The Senate dropped the ball this year. I dropped the ball. At the outset of the year, I was excited and enthusiastic to join SGA, so I ran for, and won, a Senator-at-Large position. As a Senior, I hoped to change Colgate for the better and help alleviate many of the problems that plague students.After the recent fraternity house acquisition, I felt that the student body needed an effective legislative voice to stand up to an increasingly powerful administration.
However, at my first meeting, I was bewildered and confused by the parliamentary procedures and bureaucratic nature of the Senate. I wasn’t sure what topics were “germane to debate” or when it was appropriate to make “a point of inquiry.” Needless to say, I was lost. Unfortunately, no program was implemented to educate Senators on Robert’s Rules of parliamentary procedure until the spring semester.Why did the Executive Board choose to wait so long? Since a large percentage of Senators are rookies, I’m sure that others felt as lost and confused as I did.
As the fall semester wore on, I felt increasingly discouraged about my involvement in the Senate. It seemed as though we were accomplishing little more than approving student groups for SGA recognition and BAC funding. Even more disheartening was the displeasure voiced by many students I spoke with. My friends and classmates were and have continued to be frustrated by the Senate. They have said things like, “SGA is a worthless body,” or “It would be nice if SGA actually accomplished something” or “The only thing the Senate has done this year is impeach Preston Burnes.” It seems that the student body thinks so little of our SGA, that Senate’s failures are seen as routine and do not spark the outrage that would be appropriate.
These sentiments, regardless of their accuracy, have made it quite clear that our student government is not doing its job very well. This is not to say that our leaders and some Senators do not work hard. However, I feel that all of us, from the president right on down to the lowly rookie Senator, have failed to provide substantive and tangible results this year. After racking my brain, I cannot think of one pressing student problem that SGA has solved.
Many of SGA’s problems come from the rank-and-file Senators as well as the Executive Board. We Senators do not do a very good job championing the causes of our constituents. Many Senators are habitually absent and an even more alarming number leave meetings early. Only one piece of Senator initiated legislation has passed into law this year.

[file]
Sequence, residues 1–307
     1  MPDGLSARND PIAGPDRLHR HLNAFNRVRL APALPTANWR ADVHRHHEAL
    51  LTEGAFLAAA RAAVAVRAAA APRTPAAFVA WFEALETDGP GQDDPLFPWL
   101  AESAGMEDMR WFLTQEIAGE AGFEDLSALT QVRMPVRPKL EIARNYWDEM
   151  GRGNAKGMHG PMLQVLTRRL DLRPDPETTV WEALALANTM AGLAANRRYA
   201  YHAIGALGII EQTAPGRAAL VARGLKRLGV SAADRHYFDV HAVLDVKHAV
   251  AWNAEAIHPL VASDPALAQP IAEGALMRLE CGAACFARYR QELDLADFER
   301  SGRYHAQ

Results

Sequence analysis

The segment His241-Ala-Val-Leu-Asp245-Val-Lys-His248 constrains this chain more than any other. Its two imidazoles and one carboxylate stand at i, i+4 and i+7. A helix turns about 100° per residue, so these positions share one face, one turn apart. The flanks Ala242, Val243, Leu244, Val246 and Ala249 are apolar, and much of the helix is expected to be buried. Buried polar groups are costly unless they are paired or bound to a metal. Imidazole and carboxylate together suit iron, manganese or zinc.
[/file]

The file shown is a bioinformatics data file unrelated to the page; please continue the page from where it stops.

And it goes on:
With four weeks to go, I think that the Senate can still accomplish something. We should move quickly to review and ratify our new constitution. This document provides the essential reforms that the SGA needs. It gives rank-and-file Senators more power in the operations of our government. It also provides more accountability to executive officers as well as individual Senators. If our SGA does not adopt this Constitution and the accompanying by-laws, we will not have much to be proud of this year. We owe it to our constituent to get this done and see to it that the mistakes made this year do not happen down the road.
The new constitution will succeed only if senators act as leaders. Simply showing up on a Tuesday night will no longer be a sufficient time commitment. However, Senators need sound leadership to succeed in the future. With the SGA presidential election taking place next week, the student body has the chance to change course. The next administration must embrace the sweeping reforms proposed by the Constitutional Revision Committee. Our SGA is badly broken and is in dire need of a drastic change. I refuse to accept that student governance has to be the butt of campus jokes forever. Our next president and vice president will have a lot to prove to the Colgate community. Will our SGA continue down its road of ineptitude and apathy, or will it reform and finally address the pressing needs of the student body?
I do not absolve myself of blame for SGA’s ineffectiveness. It’s important for elected officials to come clean on their mistakes for the sake of the student body. I hope that future Senators can learn from our failures to make the SGA an organization to be proud of.